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We're Going to Need a Smaller Horse

After not being able to work for a while, we often try to get back on the horse in the least helpful way. Inevitably, we get trampled. Here's why it happens and what to do instead.


Something counterintuitive happens to most of us when we've been stuck trying to do something for a while. The longer we've gone without accomplishing the thing in question, the bigger the result we think we need to create.


If you have been dragging your feet about updating your resume, you opt to redo and redesign the whole thing. If you've been getting up at noon and want to start work earlier, you set your alarm for 5 am.


At a workshop recently, I asked people why they thought this happened. Why is that, the harder we are finding it to do something, the more we up the ante on ourselves? What kind of weird-ass impulse is this?


As the responses people gave made clear, it's actually a reaction that makes perfect sense when you've been ground down by internal resistance: We up the ante because we want to redeem ourselves, and because the longer we fail to do the thing the more redemption we seem to need. Because we want the end goal to seem worth all the pain it's taking to try to get there. Because imagining a great future outcome feels good, which seems essential when everything else about the situation feels so bad.


But just because it makes sense doesn't mean it's a useful idea. In fact, trying to get back on the horse by choosing the biggest horse you can possibly imagine is pretty much bound to end in disaster. Not only will you be unlikely to get on the horse, but that failure will just make you feel worse than when you started. Which means the next time you'll conjure up an even bigger horse, and the cycle continues.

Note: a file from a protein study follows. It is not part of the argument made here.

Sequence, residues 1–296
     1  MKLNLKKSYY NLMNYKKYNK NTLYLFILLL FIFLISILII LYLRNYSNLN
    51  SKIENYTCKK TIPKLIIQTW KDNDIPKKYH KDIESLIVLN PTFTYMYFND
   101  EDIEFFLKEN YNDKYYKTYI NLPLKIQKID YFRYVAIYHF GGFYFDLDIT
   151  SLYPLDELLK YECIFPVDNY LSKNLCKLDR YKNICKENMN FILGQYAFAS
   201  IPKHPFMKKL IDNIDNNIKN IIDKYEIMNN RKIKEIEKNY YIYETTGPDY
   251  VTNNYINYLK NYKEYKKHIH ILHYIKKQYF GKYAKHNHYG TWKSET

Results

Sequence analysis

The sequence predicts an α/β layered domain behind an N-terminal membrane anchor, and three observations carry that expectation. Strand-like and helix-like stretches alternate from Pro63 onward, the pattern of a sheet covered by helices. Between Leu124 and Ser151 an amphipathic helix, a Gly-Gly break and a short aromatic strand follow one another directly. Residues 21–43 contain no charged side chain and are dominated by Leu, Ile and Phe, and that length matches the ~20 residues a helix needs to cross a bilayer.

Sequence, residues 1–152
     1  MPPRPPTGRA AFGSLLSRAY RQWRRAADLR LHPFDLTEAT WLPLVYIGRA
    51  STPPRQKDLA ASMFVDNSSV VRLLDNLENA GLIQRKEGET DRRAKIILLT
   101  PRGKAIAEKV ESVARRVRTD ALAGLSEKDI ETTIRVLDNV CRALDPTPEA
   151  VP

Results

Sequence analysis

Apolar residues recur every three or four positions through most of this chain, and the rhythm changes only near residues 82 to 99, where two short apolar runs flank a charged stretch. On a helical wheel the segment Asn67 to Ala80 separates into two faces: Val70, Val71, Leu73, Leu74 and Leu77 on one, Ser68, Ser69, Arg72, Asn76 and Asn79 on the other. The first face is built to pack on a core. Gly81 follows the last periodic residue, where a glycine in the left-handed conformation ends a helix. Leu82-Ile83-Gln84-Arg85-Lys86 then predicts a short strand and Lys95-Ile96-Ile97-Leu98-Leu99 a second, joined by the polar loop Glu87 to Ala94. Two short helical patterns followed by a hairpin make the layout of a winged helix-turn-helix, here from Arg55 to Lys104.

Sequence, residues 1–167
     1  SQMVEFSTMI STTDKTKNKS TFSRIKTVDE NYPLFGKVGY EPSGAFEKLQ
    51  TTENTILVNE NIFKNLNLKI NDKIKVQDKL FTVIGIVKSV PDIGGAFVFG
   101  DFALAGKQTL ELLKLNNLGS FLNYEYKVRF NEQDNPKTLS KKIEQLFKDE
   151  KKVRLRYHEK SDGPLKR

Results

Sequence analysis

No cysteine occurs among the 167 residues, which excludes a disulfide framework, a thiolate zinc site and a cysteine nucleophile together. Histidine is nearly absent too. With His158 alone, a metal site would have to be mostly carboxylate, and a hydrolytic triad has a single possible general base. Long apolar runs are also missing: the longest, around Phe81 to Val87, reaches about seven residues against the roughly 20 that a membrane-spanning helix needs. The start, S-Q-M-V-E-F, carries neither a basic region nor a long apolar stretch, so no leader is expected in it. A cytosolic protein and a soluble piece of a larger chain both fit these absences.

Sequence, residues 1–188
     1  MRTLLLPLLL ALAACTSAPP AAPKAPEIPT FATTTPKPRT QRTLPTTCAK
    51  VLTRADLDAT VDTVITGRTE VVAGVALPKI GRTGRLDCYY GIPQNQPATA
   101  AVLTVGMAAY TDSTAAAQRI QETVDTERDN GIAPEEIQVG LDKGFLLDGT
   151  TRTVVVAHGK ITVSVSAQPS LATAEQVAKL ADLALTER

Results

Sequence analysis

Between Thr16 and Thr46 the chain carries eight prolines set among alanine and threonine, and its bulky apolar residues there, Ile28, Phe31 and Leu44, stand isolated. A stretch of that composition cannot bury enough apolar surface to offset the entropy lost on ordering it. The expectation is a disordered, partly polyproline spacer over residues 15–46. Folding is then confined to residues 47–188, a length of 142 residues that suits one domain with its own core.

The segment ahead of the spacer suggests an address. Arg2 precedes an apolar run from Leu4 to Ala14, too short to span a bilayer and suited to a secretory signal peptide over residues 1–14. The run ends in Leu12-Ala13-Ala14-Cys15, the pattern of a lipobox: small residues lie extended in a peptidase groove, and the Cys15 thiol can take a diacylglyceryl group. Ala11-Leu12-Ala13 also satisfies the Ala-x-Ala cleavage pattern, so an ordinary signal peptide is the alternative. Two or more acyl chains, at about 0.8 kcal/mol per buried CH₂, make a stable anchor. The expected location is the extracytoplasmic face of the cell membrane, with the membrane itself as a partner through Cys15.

In practice, this means we don't write the 20 blog posts, or redo our whole resume or get up at 5 a.m. In fact, we don’t do any of it, because that was a step way too far from where we're starting, and it felt way too daunting and intimidating. But because we don't notice that, we just feel like we've let ourselves down again. Which means the next time we think up an even bigger goal to try to achieve that sense of redemption, worthiness and pleasure. And on and on.


As my brilliant client Ginny put it, We're going to need a smaller horse.


If we want to stop this cycle, we need to start with a wee itty bitty horse that a fricking two-year-old could mount and stay on.


We need to start with a horse so small that when our brains say, I don't know if we can get on, it's legit laughable. We want to be able to automatically call bullshit and respond appropriately, like: Brain, are you SERIOUSLY trying to tell me we can't spend TEN MINUTES on this resume? That we can't get up at 11.45 instead of 12? That we can't just write down three ideas for blog posts?


As you may notice when you read over this list, these goals are not sexy. They are not big rippling stallions. They do not seem to carry the promise of redemption or give us a nice dopamine hit via a fantasised awesome future.


That means our brains will have a little tantrum when they hear that this is the agenda. But we need to let the tantrum happen without changing the agenda, because the giant horse we keep thinking we have to ride will just keep trampling us into the ground.


There is no version of upping the ante that ends well. Whereas the tiny horse will carry you a little bit further each day until you can actually see the destination that felt unreachable.




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